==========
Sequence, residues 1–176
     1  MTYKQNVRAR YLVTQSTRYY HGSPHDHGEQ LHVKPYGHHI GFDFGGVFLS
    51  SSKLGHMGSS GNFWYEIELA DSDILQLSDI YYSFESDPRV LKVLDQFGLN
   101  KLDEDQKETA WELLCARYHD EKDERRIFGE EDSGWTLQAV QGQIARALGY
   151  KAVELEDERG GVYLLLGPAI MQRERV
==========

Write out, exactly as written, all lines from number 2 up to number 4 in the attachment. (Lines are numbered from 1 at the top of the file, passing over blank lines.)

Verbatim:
     1  MTYKQNVRAR YLVTQSTRYY HGSPHDHGEQ LHVKPYGHHI GFDFGGVFLS
    51  SSKLGHMGSS GNFWYEIELA DSDILQLSDI YYSFESDPRV LKVLDQFGLN
   101  KLDEDQKETA WELLCARYHD EKDERRIFGE EDSGWTLQAV QGQIARALGY